Saleyard plan bagged

By PETER CATON

COUNCIL proposals to spend one million dollars on new cattle saleyards in Murwillumbah have raised the hackles of some farmers who say it would be a waste of ratepayers' money.

The proposal is one of a number of spending initiatives in Tweed Shire Council's seven-year plan which includes compounding general rates rises that have already alarmed residents' groups and businesses.

Now farmers say they would be flat out meeting the proposed rate increases running into thousands of dollars and will be objecting.

The council says the objection is welcome and it wants public submissions on whether the saleyards project should go ahead.

Chairman of the Combined Tweed Rural Industries Association, grazier Col Brooks said he was sure many local farmers considered spending a million dollars on the saleyards, near the Murwillumbah showgrounds, "a waste of money".

"A lot of farmers do not sell through those yards.

"They either consign directly to an abattoir or sell through Casino and Lismore," Mr Brooks said?

"I sell at Murwillumbah, but an awful lot don't anymore. I just wonder at the wisdom of spending that amount of money when the number of cattle being sold is going to be decreasing."

Mr Brooks said a meeting of farmers' representatives last week was "extremely alarmed" at the proposed rate rises to pay for works outlined in the council's seven-year plan.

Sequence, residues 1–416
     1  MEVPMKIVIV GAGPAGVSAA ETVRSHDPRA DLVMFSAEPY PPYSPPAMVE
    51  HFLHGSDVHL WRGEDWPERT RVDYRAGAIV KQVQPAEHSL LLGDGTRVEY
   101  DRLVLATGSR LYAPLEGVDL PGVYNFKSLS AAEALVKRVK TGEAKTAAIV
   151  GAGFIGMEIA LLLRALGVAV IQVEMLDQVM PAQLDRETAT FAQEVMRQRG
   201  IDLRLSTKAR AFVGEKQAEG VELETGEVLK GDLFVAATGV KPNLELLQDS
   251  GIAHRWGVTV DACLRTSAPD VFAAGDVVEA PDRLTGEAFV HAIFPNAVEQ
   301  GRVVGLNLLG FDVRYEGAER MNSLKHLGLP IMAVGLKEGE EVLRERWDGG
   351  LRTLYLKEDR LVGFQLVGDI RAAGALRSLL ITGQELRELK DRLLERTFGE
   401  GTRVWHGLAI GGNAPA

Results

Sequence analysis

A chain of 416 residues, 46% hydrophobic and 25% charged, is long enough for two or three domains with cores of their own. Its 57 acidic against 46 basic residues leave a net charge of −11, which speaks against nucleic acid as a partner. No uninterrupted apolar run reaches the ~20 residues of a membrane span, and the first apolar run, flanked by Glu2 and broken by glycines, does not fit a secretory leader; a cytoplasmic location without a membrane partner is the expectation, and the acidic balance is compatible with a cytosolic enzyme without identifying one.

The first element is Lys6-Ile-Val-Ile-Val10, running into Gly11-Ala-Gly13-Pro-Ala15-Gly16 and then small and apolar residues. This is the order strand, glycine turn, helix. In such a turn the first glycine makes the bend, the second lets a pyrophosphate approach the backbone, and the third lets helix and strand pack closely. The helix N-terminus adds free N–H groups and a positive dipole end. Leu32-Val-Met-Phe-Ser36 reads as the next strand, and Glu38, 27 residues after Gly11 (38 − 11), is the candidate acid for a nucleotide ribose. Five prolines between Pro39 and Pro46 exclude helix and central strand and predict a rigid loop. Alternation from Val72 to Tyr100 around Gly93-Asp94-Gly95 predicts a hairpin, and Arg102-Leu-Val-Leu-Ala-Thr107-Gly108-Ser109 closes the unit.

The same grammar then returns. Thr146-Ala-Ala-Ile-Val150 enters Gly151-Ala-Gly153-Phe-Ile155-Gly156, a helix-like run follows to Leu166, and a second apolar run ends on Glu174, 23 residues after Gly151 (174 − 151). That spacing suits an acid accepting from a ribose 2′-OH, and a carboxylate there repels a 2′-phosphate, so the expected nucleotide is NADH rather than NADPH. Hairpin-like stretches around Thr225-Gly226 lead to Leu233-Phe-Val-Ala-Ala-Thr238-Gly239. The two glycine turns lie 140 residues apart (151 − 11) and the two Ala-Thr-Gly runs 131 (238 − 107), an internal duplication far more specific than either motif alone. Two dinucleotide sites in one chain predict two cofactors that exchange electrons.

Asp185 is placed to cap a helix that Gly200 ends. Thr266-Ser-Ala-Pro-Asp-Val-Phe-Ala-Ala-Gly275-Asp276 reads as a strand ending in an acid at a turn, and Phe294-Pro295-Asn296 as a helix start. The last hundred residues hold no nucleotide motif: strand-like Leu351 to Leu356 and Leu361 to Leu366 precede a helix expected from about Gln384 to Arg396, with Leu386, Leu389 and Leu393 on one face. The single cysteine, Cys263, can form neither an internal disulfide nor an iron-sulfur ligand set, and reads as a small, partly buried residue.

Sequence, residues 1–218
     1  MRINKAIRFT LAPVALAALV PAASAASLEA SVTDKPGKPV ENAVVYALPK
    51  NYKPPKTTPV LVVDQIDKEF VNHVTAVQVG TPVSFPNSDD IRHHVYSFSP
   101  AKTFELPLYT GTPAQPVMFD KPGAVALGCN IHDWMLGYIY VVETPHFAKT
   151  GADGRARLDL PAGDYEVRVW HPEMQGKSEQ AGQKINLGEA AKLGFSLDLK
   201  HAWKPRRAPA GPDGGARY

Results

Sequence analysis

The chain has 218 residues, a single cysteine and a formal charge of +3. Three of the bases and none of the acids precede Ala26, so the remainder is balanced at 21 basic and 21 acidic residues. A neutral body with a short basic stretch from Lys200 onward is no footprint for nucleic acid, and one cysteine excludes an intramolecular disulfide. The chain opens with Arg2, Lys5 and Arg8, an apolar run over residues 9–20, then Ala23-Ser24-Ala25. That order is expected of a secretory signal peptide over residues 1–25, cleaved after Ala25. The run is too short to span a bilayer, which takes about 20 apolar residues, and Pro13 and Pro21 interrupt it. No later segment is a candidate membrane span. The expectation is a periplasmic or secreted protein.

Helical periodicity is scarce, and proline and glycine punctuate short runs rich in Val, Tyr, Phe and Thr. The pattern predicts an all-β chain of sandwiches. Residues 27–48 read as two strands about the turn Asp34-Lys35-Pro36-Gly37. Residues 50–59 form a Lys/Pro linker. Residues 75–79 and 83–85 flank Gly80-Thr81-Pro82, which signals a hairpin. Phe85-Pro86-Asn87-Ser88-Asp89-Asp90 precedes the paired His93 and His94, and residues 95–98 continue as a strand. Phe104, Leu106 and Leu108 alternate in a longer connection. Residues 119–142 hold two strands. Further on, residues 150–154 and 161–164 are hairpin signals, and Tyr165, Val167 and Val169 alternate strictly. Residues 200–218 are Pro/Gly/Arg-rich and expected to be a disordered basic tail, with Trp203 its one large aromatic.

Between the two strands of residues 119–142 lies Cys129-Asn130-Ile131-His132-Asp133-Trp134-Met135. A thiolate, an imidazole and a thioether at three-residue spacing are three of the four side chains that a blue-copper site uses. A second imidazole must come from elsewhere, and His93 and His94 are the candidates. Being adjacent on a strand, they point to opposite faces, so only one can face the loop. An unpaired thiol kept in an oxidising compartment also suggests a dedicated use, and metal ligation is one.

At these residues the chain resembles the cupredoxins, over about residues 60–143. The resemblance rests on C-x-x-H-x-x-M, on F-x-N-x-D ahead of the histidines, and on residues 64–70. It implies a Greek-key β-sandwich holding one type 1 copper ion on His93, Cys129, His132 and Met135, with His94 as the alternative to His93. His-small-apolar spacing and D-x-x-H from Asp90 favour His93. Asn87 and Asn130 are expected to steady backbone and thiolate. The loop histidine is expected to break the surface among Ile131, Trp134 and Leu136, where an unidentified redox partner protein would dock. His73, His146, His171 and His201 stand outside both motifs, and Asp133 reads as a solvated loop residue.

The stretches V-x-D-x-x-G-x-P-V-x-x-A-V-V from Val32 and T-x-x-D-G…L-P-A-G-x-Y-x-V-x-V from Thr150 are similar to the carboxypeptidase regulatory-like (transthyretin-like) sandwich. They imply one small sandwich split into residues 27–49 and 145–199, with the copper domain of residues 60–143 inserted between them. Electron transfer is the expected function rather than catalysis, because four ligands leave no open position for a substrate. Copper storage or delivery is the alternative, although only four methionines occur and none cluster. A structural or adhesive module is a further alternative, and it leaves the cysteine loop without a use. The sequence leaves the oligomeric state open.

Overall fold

"A 9.6 per cent annual increase is going to result in a much-higher increase in rates for farmers than for urban people," he said.

"The canefarmers' representative who now pays $12,000 in general rates will pay a minimum $25,000 by the end of seven years.

"He's going to have to harvest a minimum of something like 100 acres of cane just to pay his rate.

"It would be magic if we knew in seven years time our income would just about double."

The council's business undertakings manager Richard Adams said Tweed residents had to decide whether they wanted the saleyards to continue operating.

"If you want to stay in business you have to make allowances for the saleyards to be upgraded," he said.



Ex-bikies follow a new path

Ex-bikies follow a new path

Hardened criminals find church to change their lives around

Chillingham Voices' Sip, Sup, Sing

Chillingham Voices' Sip, Sup, Sing

Join the Chillingham entertainers for a choral, culinary caberet

Yaru's vision of closing health gap

Yaru's vision of closing health gap

Award-winning business joins forces with Fred Hollows Foundation.

Local Partners